It’s getting late. My assistant Barbara Turner is making noises she’d like to go home. I tell her to leave, but until I do, too, she won’t budge. Something is on my mind. I am not happy.
I need to talk to Warren. Soon. The eastern railroads are unstable. Our window to create a viable national rail network seems to be about to close. All of this is Hunter’s fault, as is so often the case. You know, it’s funny how things come around. More than 15 years ago, when Rob Krebs tried to merge us with Canadian National, Hunter Harrison would have run the merged railroad and I would have taken my money and left, which was okay with me at the time. But that didn’t work out, and here we are now, still butting into each other.
Okay, let’s think this through. I tell everybody there will be national rail networks. I just don’t want to jump into the process until the time seems right. But events are forcing my hand. Look what Hunter did at Canadian Pacific. He certainly improved the financials—I grant him that. And it was easy for him to vastly improve operations over what Fred Green was doing. But he gutted the railroad, selling every inch of land that wasn’t occupied by tracks or nailed to the earth and firing everyone who showed his face. If you gave CP ten more carloads today, it would grind to a halt.
And now he’s about to do the same thing at CSX. He’ll slim it down to handle no more than the business it now has. He’ll close yards and sell the land under them. There won’t be a carload of excess capacity by the time Hunter is through. Efficient yes, but expandable, no. Maybe the investors will love it, but I doubt that his shippers will. Everywhere he goes, business levels remain static. Canadian National grew only because Hunter bought so many connecting regional railroads.
And I’ll tell you someone else who would not like what Hunter does: me, Matthew K. Rose. He’ll turn CSX into a shell of a railroad I wouldn’t want to merge with. Carl and I invested billions upon billions to add capacity to BNSF Railway. I don’t want a static base of business. I want BNSF Railway to grow even faster than the economy by offering services that shippers prefer to use over the alternatives. I think the future of railroads is unlimited if we can play our hand correctly. Hunter, bless him, has a different vision, and it will affect BNSF in the future in negative ways.
So Warren and I need to talk. Maybe this is the time to step in and spoil Hunter’s party. Yes, make an offer for CSX and present its investors an alternative to having that railroad Hunterized. Warren is going to respond that CSX will cost $10 billion more than it would have January 1—that’s how much Hunter’s arrival has run up the stock price. But we’ll have to pay up big no matter what we do. Wait to pay bottom dollar, and there may be nothing left worth buying.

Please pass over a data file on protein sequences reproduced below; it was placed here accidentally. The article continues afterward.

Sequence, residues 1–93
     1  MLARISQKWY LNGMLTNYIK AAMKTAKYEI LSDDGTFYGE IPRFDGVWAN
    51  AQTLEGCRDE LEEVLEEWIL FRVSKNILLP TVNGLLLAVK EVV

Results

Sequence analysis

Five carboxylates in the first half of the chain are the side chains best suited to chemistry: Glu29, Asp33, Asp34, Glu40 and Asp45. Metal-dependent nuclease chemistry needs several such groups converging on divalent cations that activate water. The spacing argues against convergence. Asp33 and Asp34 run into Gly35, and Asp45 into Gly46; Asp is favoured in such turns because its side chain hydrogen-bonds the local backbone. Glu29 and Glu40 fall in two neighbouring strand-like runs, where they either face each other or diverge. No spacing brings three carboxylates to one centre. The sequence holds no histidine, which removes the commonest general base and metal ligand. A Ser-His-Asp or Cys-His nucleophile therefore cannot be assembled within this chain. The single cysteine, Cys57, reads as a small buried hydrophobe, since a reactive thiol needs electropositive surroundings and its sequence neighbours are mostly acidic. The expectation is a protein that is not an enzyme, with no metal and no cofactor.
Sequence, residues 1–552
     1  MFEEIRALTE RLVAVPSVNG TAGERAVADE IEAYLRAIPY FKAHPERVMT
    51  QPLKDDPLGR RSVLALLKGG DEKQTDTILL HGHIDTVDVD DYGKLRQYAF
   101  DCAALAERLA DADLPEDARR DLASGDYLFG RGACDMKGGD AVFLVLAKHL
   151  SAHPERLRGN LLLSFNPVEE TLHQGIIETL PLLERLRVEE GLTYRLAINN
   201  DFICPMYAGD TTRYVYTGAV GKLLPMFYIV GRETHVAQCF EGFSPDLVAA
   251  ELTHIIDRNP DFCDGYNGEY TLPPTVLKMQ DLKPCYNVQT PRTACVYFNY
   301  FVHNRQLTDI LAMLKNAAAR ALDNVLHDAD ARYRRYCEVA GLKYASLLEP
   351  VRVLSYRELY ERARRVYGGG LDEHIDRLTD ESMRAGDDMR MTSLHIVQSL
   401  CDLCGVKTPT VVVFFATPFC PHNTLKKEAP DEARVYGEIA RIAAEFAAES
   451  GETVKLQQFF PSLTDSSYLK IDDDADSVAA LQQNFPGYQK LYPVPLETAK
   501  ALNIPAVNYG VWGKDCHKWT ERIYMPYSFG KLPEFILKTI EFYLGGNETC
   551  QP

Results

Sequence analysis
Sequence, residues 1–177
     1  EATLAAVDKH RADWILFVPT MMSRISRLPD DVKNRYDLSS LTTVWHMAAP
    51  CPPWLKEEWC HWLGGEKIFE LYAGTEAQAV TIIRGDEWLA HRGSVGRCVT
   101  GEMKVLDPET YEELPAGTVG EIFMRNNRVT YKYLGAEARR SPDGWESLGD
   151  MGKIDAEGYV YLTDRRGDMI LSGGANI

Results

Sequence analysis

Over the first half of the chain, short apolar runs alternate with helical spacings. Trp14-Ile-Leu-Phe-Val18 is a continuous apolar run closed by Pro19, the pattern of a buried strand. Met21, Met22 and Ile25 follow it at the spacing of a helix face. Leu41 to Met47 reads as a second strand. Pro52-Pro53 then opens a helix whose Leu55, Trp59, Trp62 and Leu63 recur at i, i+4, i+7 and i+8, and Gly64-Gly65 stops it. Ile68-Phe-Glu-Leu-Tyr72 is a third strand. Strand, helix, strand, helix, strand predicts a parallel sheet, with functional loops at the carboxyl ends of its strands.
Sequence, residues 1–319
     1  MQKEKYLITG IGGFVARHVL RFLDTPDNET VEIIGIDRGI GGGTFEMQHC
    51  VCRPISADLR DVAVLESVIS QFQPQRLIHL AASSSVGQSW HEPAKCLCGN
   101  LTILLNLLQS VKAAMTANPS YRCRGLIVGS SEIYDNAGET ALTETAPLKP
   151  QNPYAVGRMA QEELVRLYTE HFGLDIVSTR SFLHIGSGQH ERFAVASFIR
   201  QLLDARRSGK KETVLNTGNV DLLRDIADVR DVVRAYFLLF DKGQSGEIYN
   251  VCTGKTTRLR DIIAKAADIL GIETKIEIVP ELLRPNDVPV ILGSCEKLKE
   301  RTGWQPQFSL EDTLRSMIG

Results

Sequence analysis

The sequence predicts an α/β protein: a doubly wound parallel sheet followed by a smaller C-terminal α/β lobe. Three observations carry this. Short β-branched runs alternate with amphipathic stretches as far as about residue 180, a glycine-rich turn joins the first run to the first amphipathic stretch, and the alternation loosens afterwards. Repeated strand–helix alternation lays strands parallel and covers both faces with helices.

There’s also Norfolk Southern. You know, I admire that Squires fellow. Last year, when Hunter at CP moved on NS to merge with it, everyone thought Jim would fold under the pressure. He did not blink. Squires is one tough cookie. Maybe we should go to him instead. The managements and values of BNSF and NS are more compatible than those of BNSF and CSX, anyway. We’d let Jim run the combined company, if that’s what it takes—Carl could assume my job as executive chairman and let Jim be CEO. I’d be pleased to step aside. Do anything 15 years, and it gets tiresome. Maybe I’d go back to the trucking business. Or devote time to good deeds like Habitat for Whatever it’s called.
But to just sit here and do nothing—it simply feels wrong all of a sudden.
I wonder what Lance at UP is doing. Nothing, I expect. He’s sees Union Pacific as the loser in the next round of mergers, and I think he’s right. And if we act fast, we’ll get the railroad we want, whichever it is, and he gets second dibs. And while he’s doing that, maybe we need to visit Montreal and try doing again what we tried 17 years ago.
Barbara! Ask Warren’s office if he has time for me to drop by tomorrow. A lot of time.
One thing is for sure: Any merger that Matt Rose does will be approved. The day it is announced, the top 100 people of this railroad and the top 100 people of our partner will be on the road visiting our customers and, if it comes to that, every member of Congress and every Trump appointee who matters. We won’t waste a second. I’ve learned what Rob and Hunter didn’t, which is that mergers are political events initially more than economic. And he who gets there first, wins.—Fred W. Frailey